Parents are beginning to prepare their students as they head back to school by outfitting them with No. 2 pencils, folders, lunchboxes and new outfits. However, as the first day of school approaches, most parents of children with special needs have more than shopping on their minds.
Students with autism spectrum disorders, attention deficit-hyperactivity disorders, learning disabilities, anxiety issues or other disorders often need more support than neurotypical students as they say goodbye to summer and say hello to the new school year. Indeed, there is usually a considerable amount of involvement required to successfully prepare these children for this, sometimes uncomfortable, adjustment.
Usually parents have the opportunity to start preparing their student for the upcoming school year by setting goals during spring IEP meetings. At these meetings, parents and their students may also be introduced to the new teacher and other staff members. Yet, a lot can happen between spring and the beginning of school in the fall. Returning to school, even if in the same school building, can be filled with worries about making new friends or what the new teacher will be like. The school building may undergo construction or the expected teacher may end up in another school or district. This is why the spring IEP meeting shouldn’t be considered the final word. Helping a child transition into a new school year requires mental, emotional, cognitive and social preparation as well (Hammer, n.d.).
Setting your child up for success includes identifying specific fears or what sets him or her off. Fears may include academic failure, social anxiety, and bullying. Other factors might set the child off such as unexpected transitions, too much sensory input, school work perceived as being too hard or too easy, desk mates who kick chairs, or not being allowed to fidget. Talk with your child.
It is important to talk with your child about his or her worries and apprehensions regarding the upcoming school year. By acknowledging and validating your child’s fears rather than dismissing them will help diminish them (Hatjakes, 2013). Keep a positive outlook. Let him or her voice his or her opinions. When children feel that they have an active role in their plan they are likely to feel more successful. Doing this can help turn that fear into excitement.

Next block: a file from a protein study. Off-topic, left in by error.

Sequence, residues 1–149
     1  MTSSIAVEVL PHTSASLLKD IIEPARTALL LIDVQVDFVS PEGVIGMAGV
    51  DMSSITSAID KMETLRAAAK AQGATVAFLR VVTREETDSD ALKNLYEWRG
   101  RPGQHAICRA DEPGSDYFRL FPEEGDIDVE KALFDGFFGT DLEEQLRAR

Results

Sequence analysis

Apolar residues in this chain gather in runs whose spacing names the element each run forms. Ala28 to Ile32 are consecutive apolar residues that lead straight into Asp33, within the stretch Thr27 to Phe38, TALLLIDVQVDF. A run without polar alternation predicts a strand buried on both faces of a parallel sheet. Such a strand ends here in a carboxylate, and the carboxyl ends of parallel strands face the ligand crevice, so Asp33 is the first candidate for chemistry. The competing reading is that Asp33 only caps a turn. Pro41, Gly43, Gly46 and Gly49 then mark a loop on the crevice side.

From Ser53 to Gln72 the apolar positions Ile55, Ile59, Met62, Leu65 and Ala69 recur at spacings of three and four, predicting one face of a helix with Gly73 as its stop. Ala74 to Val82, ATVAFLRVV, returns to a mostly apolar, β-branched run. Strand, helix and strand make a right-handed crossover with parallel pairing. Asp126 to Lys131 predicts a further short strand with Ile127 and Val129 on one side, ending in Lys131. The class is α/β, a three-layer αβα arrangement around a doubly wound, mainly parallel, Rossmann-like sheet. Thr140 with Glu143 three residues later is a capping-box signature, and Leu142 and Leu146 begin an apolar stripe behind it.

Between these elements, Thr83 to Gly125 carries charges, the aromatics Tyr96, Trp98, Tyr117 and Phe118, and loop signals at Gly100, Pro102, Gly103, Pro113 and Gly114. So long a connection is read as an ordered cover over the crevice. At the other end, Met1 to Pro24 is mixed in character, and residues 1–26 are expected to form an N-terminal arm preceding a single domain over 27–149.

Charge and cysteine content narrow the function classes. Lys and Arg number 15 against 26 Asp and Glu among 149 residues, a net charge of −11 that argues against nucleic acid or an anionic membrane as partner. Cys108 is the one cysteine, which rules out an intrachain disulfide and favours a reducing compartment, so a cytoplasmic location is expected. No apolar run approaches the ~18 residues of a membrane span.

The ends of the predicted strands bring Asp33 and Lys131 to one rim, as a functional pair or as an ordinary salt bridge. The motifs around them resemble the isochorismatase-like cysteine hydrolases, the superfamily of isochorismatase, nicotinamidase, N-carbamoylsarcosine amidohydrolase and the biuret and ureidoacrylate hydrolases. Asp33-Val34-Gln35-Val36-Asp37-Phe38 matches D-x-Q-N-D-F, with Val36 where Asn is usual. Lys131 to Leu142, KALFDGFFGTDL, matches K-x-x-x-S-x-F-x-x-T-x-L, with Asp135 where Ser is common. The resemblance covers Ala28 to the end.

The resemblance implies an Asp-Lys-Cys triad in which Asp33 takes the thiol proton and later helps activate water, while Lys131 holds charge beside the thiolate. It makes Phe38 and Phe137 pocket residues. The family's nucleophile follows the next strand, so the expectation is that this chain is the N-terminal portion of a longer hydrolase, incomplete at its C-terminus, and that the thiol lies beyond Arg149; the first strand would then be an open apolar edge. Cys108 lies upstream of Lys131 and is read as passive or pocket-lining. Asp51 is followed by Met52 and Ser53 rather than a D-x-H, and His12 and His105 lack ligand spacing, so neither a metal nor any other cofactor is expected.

Clear expectations can be a huge relief after the unstructured, open-ended nature of summer. It is beneficial to have everything ready a full week before school starts – clothes, supplies, as well as the bedtime and morning routine. Take a walk around the school grounds, travel the likely bus route, and, if the school has a web site, invite your child to take a look at it with you. It can also be beneficial to meet some of the staff at school. Doing this usually makes for smoother transition from a summer schedule to a school day schedule.
Talk with school professionals.
There are many professionals at the school who can help make the transition back to school go smoothly, including the principal, school social worker, the special education coordinator, or the teachers. These professionals are great resources parents can turn to in order to get their child prepared for the first day of school.
If you are concerned about your child’s level of anxiety, it’s important to consult these professionals. It’s also important to note and discuss what keeps your child content at school. This might include knowing the environment and people your child interacts with daily. Ask these professionals if you and your child can wander the halls of the school before the first day. This will give your child an opportunity to peek in on rooms and possibly meet some of the staff. See if you can take videos or pictures for your child to refer to later.
Consider social narratives.
Social narratives help teach routines, expectations, and behavioral standards by utilizing an image or video to represent an action or a task (Social Stories, n.d.). Take pictures and videos with your digital camera or cell phone, develop them directly into a book at a local drugstore, and then narrate them with your child again and again before school starts. You can have one for your morning routine at home, one about going to school, and one for situations your child may encounter at school, such as eating lunch in the cafeteria or a fire drill. Doing this will help your child anticipate the day-to-day events at school.
AAPC Publishing offers resources that may help prepare students as they head back to school including:
Hammer, C. (n.d.). Helping your child with autism cope with school anxiety. Retrieved from http://www.selfgrowth.com/articles/helping-your-child-with-autism-cope-with-school-anxiety
Hatjakes, A. (2013, August 28). Four ways to help overcome back-to-school anxiety. Retrieved from http://www.autismone.org/content/four-ways-help-overcome-back-school-anxiety
Social Stories. (n.d.). Retrieved from http://www.pbisworld.com/tier-2/social-stories/